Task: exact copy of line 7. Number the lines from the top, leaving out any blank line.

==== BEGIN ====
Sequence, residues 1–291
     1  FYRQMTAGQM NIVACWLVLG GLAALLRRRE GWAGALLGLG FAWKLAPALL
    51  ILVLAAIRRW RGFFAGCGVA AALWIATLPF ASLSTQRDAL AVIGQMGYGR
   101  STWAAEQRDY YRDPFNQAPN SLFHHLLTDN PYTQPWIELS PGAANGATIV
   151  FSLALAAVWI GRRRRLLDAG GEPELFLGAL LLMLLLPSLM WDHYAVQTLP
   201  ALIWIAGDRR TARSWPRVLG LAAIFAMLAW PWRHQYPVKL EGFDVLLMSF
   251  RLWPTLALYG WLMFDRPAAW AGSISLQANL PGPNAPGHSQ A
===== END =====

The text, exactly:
   251  RLWPTLALYG WLMFDRPAAW AGSISLQANL PGPNAPGHSQ A